For me, it’s an honor to be part of this community. Not only does it feel good to be recognized for the work I’ve been doing but it’s an even greater opportunity to learn from people and build a professional network. The Open MVP day is exactly about that.
It was a busy week, as I just started a new contract, flew out to London and then had to rush to Rome to attend the Open MVP day. Lots of travel, lots of attention required and all in a short time span. While I was happy to be able to do all of that, I can’t say I wasn’t relieved to be back at home as well.
People I’ve met
Apart from the technical information I got, the most important part for me was to get to know as many people as possible and build a network of peers. It’d be great to continue some of the conversations I’ve had with people there and build a relationship with mutual benefits. On the night I arrived I quickly caught up with the Spanish delegation (mostly with Dachi Gogotchuri, Sergio Guerra and Asier Villanueva) and we had a good chat over a beer about what we like (and don’t like) about the technologies we work in. It was particularly interesting to see what grievances are shared and which ones are probably just my own problem :-). It was really great to see so many people with the same shared interests and a commitment to keep learning and exploring technology. If you’re like me (a geek), you probably recognize the feeling where you have a lot of ideas and thoughts and no one to share them with (at least not in person).
Apart from fellow MVP’s, we also had the chance to meet some of the technical evangelists from Microsoft. They’re experts in building and maintaining communities. It was very interesting to hear some new ideas from Alejandro Campos on how to build a community and wake interest in technology. I can’t wait to start and put these ideas in action to foster the local community and build a network of like-minded people here in Mallorca.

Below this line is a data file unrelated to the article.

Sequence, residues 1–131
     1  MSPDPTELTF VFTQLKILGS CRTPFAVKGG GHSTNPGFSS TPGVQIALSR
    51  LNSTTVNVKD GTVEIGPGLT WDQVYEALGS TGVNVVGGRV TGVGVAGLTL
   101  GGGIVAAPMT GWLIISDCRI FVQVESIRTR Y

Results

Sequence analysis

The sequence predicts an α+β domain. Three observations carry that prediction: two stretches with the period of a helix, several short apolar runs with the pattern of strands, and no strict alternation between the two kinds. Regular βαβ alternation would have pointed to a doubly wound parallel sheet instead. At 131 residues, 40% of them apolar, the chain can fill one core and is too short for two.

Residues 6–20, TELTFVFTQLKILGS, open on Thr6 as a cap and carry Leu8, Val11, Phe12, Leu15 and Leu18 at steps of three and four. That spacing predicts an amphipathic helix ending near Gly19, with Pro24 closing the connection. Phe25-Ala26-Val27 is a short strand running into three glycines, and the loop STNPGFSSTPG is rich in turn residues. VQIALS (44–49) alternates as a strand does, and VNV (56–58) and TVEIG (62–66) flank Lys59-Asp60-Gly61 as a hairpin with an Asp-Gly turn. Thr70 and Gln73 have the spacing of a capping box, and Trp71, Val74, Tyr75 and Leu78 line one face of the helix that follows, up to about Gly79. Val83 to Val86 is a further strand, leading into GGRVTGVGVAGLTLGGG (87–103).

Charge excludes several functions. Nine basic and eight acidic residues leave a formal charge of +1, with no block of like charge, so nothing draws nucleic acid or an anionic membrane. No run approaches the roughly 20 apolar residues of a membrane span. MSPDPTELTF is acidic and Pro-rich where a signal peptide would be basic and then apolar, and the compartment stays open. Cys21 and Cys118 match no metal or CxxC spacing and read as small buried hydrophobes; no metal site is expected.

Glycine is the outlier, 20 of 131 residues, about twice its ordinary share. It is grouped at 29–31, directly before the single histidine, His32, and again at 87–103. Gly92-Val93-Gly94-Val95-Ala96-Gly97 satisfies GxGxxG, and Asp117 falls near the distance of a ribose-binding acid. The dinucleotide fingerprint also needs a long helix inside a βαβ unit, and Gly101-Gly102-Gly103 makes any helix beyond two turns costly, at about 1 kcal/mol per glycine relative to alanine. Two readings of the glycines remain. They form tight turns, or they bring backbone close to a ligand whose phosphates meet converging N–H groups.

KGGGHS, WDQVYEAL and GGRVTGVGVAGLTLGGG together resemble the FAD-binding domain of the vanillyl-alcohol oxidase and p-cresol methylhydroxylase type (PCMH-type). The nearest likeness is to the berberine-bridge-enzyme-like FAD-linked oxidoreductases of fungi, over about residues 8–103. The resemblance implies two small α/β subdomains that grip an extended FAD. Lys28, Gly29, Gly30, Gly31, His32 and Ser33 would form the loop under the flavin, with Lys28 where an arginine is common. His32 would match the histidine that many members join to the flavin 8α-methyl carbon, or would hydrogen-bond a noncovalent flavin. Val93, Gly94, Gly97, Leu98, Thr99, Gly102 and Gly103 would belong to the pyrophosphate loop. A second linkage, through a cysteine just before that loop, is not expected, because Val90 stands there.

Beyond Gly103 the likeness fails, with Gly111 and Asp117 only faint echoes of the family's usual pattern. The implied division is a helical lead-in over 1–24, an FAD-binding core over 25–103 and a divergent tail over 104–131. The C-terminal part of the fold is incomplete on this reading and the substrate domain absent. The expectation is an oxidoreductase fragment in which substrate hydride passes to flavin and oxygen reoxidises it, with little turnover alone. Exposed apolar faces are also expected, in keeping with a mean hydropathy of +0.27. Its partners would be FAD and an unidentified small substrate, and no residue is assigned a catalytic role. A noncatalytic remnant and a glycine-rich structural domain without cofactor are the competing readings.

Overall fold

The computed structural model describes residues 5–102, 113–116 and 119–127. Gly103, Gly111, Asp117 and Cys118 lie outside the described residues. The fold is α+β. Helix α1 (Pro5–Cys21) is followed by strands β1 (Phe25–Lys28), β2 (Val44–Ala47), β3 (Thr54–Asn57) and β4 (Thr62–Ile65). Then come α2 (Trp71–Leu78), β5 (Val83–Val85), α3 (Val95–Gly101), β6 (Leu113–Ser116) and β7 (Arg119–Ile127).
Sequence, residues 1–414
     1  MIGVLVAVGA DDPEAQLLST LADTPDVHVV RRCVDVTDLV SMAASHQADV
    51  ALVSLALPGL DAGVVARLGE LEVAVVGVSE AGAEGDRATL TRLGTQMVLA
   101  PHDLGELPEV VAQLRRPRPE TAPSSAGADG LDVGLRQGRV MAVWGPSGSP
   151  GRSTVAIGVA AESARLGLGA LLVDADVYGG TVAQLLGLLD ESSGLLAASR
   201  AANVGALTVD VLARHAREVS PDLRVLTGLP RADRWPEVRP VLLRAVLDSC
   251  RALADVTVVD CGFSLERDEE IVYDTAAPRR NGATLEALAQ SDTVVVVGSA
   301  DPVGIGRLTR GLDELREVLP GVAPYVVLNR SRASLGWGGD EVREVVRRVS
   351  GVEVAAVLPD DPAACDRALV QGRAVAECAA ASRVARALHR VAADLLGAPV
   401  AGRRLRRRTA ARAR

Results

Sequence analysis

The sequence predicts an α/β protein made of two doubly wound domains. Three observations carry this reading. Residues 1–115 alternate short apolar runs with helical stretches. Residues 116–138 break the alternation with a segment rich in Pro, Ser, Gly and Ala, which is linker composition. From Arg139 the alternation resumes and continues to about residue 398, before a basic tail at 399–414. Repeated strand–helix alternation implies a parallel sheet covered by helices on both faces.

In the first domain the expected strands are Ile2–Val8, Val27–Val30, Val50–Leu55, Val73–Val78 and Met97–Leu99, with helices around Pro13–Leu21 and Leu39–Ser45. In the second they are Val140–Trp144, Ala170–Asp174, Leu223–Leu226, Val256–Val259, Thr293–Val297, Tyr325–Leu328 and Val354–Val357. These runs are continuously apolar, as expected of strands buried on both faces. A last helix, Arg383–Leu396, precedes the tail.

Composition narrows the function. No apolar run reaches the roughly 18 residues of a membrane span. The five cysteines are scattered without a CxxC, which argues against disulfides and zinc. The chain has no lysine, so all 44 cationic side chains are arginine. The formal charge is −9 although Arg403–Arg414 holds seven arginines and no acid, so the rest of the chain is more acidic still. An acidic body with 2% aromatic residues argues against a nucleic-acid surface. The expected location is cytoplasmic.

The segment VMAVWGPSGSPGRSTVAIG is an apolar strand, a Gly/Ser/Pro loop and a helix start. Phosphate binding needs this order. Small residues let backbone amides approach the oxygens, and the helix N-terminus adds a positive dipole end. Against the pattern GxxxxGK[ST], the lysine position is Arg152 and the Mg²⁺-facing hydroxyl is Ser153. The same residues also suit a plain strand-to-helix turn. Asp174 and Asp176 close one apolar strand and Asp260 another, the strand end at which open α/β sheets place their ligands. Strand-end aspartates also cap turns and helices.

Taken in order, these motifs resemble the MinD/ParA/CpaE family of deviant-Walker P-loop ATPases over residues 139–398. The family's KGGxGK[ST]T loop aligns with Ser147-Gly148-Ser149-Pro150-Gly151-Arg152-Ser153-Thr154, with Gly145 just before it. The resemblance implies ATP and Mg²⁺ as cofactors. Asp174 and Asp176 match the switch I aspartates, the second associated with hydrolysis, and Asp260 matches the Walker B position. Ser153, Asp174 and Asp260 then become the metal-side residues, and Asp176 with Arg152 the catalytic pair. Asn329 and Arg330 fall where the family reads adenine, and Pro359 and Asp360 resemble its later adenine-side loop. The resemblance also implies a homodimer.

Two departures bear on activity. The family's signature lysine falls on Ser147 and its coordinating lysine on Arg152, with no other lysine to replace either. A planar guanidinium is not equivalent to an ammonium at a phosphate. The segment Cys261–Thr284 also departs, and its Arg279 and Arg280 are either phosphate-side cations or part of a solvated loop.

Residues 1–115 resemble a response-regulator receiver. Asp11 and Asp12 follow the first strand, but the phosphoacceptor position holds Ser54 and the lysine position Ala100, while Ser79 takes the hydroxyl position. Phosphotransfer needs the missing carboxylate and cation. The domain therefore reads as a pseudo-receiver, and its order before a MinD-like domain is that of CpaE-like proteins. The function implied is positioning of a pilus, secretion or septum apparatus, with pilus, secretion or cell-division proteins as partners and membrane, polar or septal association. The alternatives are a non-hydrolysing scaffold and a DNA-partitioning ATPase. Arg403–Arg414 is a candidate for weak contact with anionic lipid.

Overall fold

Things I’ve learned
Apart from networking, there are obviously technical sessions. While I found that most sessions where rather introductory sessions, I do want the highlight the session by Ricardo Peres on ElasticSearch. While also an introductory session, this one was particularly interesting as I just started a project with heavy usage of ElasticSearch. I definitely learnt a lot in that session and hope to soon start to apply that knowledge in real life.
The warning signs
If there’s one thing I was a bit weary about, I’d say it’s the effect of the echo chamber. This has nothing to do with the organizers or the sessions, but with the very nature of a vendor specific event. Since all attendees are Microsoft MVP’s, the focus naturally lies on Microsoft technology. Even though I’m mostly Microsoft oriented, I like to venture into related technologies to compare, contrast and learn from them. This doesn’t mean I find MS tech worse (or better) than other tech stacks, it just means that, while attending an event that focuses on a particular vendor, it’s important to not get soaked up by it and keep an open mind.
On the other hand, I also like to mention that there a lot of MVP’s that didn’t only specialize in Microsoft tech. As an example, Nicola Iarocci, is a python specialist on the server, but works with MS tech on the client side. His perspective was particularly interesting as it shows that it isn’t necessary to be only “devoted” to MS tech to become an MVP. It shows that the movement towards openness from Microsoft is not just hollow words.
All in all, I’d say that my first Open MVP day was a great success and I can’t wait to attend my first MVP summit later this year. As I’ve been told, it’s a fantastic opportunity to meet peers from all over the world as well as get an insight on “how the sausage is made” at Microsoft.
I want to thank the organizers and everybody I’ve met for making this a great first experience and hope to see everyone at the next gathering.
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